BLACKSBURG, Va. - The former commander of U.S. forces in Iraq praised Virginia Tech's students last night for their quiet courage, dignity and poise in dealing with last month's shooting rampage that left 33 dead.

And though the students must honor the lives that were lost, they must not be paralyzed by the past, retired Army Gen. John Abizaid said at a ceremony for about 3,600 graduating seniors. The university prepared to hand out class rings to relatives of the 27 slain students, followed by diplomas in smaller ceremonies today.

"Short was their stay on this mortal stage. Great was their impact," university president Charles Steger said of the slain students in an address earlier yesterday to about 600 of the nearly 1,200 graduate students who received master's degrees and doctorates.

Gunman Seung-Hui Cho killed the 27 fellow students, five faculty members and himself. His family will receive neither a ring nor a diploma, the university said.

In many ways, the evening ceremony seemed like most commencements. Grinning students jumped and waved as their faces appeared on the stadium's giant screen while "Pomp and Circumstance" played and a faint drizzle fell.

Students chanted "Hokies!" and the stadium's stands twinkled with camera flashes from graduates' proud relatives. Students decorated their mortarboards with "VT" and "Hi Mom."

But the speeches, while marked by hope, were also laced with sorrow.

"Rest assured, we will define ourselves by where we have been and where we will go," class historian Jennifer Weber said.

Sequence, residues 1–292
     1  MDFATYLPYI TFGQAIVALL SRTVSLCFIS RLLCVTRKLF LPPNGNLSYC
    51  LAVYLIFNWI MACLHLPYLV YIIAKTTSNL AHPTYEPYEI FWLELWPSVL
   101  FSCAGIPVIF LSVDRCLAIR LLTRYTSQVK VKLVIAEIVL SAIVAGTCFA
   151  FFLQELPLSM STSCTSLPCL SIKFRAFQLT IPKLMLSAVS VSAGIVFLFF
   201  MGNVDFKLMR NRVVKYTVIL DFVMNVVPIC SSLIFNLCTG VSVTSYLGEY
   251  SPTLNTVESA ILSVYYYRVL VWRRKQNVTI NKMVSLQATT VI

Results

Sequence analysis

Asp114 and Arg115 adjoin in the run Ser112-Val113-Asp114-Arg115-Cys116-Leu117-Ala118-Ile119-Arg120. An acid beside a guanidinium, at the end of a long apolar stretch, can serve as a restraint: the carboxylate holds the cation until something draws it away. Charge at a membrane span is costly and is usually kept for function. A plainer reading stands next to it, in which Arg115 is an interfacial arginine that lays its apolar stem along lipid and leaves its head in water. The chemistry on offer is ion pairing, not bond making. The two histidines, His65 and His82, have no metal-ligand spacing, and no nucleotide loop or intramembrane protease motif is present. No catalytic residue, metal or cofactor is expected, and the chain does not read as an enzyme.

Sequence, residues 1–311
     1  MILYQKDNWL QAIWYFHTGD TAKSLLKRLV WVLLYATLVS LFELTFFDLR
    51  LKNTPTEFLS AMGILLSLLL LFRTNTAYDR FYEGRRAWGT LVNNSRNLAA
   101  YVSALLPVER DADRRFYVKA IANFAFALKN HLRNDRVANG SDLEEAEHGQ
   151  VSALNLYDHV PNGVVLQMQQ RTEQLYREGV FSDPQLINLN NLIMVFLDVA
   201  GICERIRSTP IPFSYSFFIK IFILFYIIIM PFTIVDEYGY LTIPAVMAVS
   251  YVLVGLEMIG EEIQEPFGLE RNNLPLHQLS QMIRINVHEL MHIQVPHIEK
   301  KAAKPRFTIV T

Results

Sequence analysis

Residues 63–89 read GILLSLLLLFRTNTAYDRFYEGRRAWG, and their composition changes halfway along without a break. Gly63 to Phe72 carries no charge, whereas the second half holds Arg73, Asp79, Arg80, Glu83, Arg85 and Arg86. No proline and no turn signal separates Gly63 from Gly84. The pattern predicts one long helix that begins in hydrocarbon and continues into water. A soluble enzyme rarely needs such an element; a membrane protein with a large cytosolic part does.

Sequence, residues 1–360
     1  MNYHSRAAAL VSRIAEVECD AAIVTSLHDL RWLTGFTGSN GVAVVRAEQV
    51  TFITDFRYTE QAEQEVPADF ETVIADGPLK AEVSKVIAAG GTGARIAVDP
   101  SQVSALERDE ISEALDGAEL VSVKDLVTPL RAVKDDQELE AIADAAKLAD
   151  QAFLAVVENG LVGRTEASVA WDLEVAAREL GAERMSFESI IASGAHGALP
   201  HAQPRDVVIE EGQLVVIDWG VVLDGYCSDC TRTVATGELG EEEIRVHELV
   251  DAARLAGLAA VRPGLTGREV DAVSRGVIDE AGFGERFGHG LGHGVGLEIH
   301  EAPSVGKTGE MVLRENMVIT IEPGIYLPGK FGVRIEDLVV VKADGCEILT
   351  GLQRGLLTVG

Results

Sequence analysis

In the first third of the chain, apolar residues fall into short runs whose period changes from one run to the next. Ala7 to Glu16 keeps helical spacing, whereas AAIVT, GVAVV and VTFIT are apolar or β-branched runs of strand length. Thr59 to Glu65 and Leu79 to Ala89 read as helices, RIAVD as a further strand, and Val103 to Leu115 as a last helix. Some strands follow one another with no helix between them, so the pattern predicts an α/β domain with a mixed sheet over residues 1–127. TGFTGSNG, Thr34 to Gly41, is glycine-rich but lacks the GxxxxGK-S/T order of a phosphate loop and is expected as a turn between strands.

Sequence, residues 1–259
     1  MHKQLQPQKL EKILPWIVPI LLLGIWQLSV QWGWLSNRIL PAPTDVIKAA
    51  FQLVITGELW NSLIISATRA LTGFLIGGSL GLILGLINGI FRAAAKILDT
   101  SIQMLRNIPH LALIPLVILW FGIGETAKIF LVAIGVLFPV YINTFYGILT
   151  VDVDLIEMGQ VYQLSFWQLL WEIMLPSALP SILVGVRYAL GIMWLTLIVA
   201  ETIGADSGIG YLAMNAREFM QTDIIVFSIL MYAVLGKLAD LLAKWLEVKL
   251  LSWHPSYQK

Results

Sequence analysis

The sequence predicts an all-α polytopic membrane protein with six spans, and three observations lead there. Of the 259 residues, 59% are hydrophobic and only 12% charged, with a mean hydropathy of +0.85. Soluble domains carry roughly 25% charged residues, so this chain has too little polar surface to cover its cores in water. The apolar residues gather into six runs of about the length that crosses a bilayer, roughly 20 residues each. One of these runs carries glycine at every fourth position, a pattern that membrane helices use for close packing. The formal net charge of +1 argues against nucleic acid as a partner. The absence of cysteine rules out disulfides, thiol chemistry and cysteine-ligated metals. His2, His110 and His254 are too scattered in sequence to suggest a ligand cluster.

Survivors have a responsibility to realize the dreams and aspirations of the slain, Abizaid said.

"While we are saddened by the loss of those who cannot be here today," he said, "I believe that they would want this ceremony to commemorate both the tragedy of yesterday and the promise of tomorrow. I believe that they look down on this gathering with dignified pride."

During the graduate ceremonies, nine slain graduate students were awarded master's degrees or doctorates. Faculty members hugged the relatives who received them, some wiping away tears and all drawing long and loud applause from the crowd of several thousand.

James Long, whose sister, Michelle, earned a degree in history, said students would not let the tragedy overshadow their celebration.

"There are too many people here to celebrate five, six years of hard work to let one guy screw that up," said Long, 25, of Richmond.

Some families could not bear to attend graduation. Others said they had no choice but to come.

"We have to. This is right for us," said Peter Read, whose freshman daughter, Mary Karen Read, was among those killed.

Peter and Cathy Read returned for more than their daughter's degree. They also wanted to erase an unsettling image from the minds of their two youngest sons, Patrick, 4, and Brendan, 2.

"They're a little concerned that the bad man's going to shoot them," Cathy Read said. "We can't let that idea grow in their heads."

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